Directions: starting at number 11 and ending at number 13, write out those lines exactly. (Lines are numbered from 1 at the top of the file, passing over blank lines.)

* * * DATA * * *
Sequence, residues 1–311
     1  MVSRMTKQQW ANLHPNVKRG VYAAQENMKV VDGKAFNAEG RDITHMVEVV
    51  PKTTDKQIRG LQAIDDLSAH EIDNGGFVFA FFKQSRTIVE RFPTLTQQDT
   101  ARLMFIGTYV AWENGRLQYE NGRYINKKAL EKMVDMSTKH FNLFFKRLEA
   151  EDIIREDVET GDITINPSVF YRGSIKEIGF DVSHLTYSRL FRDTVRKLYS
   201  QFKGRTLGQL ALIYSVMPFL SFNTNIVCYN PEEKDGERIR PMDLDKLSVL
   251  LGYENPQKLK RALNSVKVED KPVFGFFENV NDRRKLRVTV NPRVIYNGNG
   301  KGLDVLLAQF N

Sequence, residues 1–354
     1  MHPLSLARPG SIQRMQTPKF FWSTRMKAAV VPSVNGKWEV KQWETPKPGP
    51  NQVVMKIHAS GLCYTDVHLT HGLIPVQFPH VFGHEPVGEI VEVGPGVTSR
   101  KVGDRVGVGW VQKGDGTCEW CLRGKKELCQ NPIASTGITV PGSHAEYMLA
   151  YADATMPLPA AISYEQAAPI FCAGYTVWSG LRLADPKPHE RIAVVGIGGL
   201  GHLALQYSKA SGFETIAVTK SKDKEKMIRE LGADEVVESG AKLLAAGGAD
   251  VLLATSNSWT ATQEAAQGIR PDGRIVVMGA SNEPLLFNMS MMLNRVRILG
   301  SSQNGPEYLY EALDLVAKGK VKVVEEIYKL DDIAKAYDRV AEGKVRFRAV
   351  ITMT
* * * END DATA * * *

    51  NQVVMKIHAS GLCYTDVHLT HGLIPVQFPH VFGHEPVGEI VEVGPGVTSR
   101  KVGDRVGVGW VQKGDGTCEW CLRGKKELCQ NPIASTGITV PGSHAEYMLA
   151  YADATMPLPA AISYEQAAPI FCAGYTVWSG LRLADPKPHE RIAVVGIGGL